A museum staff member in New Zealand was shocked when he came across an albatross that appeared to have been defeated by its shark dinner.
Alan Tennyson found the unusual, and rather gruesome, sight on a beach in Wellington.
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He took it back to the Te Papa museum for closer inspection, and found that the shark was still completely whole.
Alan wrote a blog post about the find, which read: "In the lab we were astounded to see a shark's tail protruding from its neck. When we cut the dead bird open we found that the shark was intact and reached the entire length of the bird's body cavity! The shark was completely undigested – no doubt it had been protected by its tough, sandpaper-like skin – and we speculate that the bird choked on the fish."
Albatross vs Shark: A stomach-turning tale www.bit.ly/AlbatrossVsShark
A seal shark has a very vicious set of teeth which it uses to take chunks out of animals as big as whales. But staff found no evidence it had eaten the albatross from the inside out.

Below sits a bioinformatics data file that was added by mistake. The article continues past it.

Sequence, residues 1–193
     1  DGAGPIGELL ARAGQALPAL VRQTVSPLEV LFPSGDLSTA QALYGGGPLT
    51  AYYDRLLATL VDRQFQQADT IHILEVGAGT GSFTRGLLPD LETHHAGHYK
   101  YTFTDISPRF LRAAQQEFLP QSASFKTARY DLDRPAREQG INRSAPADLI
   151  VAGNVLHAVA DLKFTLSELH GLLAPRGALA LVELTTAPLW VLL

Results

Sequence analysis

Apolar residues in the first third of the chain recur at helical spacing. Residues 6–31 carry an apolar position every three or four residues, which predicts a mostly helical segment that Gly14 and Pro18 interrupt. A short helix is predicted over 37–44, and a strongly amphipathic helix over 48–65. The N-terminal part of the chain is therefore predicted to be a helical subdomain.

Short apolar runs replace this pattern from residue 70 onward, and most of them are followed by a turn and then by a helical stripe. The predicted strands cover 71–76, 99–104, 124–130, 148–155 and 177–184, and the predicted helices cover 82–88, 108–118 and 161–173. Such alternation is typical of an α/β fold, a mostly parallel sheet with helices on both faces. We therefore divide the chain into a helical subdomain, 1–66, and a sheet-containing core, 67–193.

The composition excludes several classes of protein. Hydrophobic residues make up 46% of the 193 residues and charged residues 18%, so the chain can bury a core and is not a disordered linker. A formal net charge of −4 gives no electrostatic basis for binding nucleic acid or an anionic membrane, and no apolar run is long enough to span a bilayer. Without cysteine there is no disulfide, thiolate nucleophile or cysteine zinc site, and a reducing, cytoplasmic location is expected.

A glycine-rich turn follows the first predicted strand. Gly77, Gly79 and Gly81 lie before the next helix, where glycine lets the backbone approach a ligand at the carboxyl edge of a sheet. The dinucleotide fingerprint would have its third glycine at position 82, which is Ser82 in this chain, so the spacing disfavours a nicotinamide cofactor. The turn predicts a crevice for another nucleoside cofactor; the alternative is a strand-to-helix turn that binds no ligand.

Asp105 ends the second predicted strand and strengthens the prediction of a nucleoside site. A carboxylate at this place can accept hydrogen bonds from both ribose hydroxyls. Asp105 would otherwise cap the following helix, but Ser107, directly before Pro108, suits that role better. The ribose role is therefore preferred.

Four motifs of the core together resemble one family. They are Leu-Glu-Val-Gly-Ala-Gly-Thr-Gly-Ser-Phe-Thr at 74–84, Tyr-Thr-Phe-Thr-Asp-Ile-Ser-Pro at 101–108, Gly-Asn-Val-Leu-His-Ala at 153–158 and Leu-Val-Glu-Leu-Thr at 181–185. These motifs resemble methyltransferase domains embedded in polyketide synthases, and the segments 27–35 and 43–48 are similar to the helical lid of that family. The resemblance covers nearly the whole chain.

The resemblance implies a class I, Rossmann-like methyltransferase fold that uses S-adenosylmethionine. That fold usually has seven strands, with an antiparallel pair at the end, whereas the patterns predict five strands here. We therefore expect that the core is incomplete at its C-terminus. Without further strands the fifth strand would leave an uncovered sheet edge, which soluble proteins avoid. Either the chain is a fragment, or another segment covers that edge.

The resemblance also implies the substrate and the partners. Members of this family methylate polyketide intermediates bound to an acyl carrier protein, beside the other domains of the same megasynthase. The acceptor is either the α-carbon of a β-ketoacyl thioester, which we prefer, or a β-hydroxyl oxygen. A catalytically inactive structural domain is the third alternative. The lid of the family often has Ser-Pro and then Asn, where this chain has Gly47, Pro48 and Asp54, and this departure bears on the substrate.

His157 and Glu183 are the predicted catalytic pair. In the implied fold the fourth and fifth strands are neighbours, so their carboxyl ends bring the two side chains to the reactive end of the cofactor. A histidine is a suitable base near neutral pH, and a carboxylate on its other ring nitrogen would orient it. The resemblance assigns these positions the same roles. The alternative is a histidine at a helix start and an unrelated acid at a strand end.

The bird was a northern royal albatross, one of the world's largest seabirds.
It mainly feeds on scavenged food such as dead squid and fish floating on the surface, so, according to Alan, "as seal sharks are a deep water species, we suspect that the hungry bird gulped down the shark which it found as waste from a trawler, and thus both bird and shark met an untimely end".
Both specimens will now be skeletised for the museum's permanent research collections, used mainly for identifying fossil remains.